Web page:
Proceedings of Past Forest Nursery Association Meetings:
|Producing Blue Oak Seedlings: Comparing Mini-Plug Transplants to Standard Bareroot and Container Stock
|Doug McCreary and Laurie Lippitt
|1996: New England, CT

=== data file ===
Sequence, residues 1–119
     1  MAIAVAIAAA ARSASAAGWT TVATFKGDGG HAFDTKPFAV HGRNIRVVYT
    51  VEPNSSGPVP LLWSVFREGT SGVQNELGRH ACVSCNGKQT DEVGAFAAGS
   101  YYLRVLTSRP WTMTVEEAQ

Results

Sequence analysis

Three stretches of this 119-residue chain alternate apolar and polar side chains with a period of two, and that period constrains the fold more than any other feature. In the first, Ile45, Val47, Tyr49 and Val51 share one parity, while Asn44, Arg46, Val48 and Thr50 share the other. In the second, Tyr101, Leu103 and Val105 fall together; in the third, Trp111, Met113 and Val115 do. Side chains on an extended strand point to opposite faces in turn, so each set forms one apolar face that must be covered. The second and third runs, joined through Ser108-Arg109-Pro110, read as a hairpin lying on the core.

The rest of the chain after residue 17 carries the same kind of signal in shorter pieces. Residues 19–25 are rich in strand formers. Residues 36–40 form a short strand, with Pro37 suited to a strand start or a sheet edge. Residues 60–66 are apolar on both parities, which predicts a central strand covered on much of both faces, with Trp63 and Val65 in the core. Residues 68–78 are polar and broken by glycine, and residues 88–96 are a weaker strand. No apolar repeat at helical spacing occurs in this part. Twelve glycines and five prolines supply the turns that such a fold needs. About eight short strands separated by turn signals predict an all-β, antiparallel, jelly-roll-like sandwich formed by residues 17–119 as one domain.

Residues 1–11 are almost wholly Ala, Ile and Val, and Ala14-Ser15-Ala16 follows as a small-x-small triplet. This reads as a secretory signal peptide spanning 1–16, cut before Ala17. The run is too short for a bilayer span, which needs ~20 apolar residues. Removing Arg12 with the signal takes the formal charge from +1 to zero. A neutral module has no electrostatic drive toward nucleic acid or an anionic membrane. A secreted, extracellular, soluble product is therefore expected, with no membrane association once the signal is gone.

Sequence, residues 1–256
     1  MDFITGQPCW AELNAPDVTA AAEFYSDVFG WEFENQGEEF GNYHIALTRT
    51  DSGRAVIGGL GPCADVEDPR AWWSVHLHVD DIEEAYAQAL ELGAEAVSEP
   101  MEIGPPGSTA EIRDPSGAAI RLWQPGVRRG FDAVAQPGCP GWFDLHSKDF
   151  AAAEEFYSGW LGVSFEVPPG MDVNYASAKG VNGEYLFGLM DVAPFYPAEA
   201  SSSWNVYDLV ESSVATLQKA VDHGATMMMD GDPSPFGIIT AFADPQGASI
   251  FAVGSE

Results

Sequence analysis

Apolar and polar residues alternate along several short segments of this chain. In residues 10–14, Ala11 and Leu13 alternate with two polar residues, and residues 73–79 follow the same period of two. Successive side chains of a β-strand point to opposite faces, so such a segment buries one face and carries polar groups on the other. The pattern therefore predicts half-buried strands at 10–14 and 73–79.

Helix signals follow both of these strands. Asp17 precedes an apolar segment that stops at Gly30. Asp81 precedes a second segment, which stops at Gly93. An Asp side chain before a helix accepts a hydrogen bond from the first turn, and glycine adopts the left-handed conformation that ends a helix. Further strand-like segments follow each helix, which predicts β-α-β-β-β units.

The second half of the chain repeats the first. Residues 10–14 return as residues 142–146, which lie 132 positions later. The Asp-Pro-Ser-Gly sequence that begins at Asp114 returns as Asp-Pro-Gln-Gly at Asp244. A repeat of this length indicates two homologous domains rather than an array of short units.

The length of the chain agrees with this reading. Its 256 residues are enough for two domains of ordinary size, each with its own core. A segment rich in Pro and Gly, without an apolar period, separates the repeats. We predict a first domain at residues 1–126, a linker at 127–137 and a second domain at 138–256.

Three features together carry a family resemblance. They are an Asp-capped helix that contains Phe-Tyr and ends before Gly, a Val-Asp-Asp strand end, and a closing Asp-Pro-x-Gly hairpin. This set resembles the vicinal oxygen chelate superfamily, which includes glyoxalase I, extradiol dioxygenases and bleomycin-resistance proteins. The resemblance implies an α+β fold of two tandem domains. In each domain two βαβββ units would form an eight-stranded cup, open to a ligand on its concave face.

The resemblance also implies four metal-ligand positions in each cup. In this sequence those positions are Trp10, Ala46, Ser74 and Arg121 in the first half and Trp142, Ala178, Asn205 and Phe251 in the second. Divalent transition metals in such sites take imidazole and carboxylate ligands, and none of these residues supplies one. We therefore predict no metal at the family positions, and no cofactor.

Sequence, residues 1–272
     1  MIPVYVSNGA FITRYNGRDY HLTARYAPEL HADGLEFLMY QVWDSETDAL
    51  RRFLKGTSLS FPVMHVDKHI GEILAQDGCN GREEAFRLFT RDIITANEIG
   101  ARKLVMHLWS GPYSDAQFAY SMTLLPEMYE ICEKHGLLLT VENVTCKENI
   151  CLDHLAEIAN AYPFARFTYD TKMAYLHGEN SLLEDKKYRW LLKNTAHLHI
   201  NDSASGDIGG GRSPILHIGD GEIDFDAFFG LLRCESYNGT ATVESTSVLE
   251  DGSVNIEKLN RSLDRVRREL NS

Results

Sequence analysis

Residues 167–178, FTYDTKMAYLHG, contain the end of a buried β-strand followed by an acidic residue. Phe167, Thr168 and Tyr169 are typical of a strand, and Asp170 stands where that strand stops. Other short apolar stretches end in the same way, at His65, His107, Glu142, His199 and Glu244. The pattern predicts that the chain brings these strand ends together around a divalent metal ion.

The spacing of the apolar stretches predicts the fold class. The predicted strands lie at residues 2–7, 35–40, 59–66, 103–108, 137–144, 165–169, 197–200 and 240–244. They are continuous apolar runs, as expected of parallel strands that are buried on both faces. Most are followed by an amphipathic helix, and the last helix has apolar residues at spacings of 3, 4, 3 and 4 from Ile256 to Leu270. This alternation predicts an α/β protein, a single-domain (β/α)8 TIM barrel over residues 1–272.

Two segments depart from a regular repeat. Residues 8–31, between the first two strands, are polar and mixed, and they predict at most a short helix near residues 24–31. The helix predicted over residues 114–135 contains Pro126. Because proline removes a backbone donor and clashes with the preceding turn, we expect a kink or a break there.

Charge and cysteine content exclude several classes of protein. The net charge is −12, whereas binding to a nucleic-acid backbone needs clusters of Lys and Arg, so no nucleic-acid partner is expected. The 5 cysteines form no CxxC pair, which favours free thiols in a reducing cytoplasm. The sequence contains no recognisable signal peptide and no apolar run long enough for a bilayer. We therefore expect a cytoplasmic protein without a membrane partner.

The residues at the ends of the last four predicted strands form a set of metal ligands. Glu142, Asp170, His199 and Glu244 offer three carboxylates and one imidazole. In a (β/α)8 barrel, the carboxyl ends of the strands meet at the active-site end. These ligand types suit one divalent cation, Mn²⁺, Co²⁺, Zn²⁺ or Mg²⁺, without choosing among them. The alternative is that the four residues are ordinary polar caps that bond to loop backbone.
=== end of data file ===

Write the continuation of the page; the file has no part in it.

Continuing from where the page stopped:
|Blue oak (Quercus douglasii) is one of several species of native California oaks that is reported to be regenerating poorly in portions of the state. Although blue oak has little commercial value other than for firewood, it provides vital habitat for numerous wildlife species and is highly valued for aesthetics. In the last decade there have been efforts to develop techniques to successfully regenerate this species artificially. Procedures for growing both bareroot and container seedlings have been evaluated in research trials and both stock types have been grown and outplanted operationally. While both bareroot and container plants have performed adequately in the field, we were interested in evaluating a relatively new stock type called a "miniplug transplant". These are seedlings that are grown for several months in relatively small, shallow containers , and then transplanted to bareroot nursery beds in the spring. While in the containers, seedling roots grow rapidly, but due to the shallow container depth, they repeatedly air prune themselves. As a result, a highly branched root system, with numerous growing tips, develops. When these mini-plugs are transplanted to a bareroot bed, they often develop a more fibrous root system and a more favorable shoot/root ratio than conventional stock types grown for the same length of time. As such, they may be better able to survive and grow in the hot, dry summers characteristic of California's blue oak woodlands. This study was undertaken to evaluate the mini-plug approach for growing blue oak seedlings, and compare the field performance of this stock type to 1+0 container seedlings and conventional 1+0 and 2+0 bareroot nursery stock.
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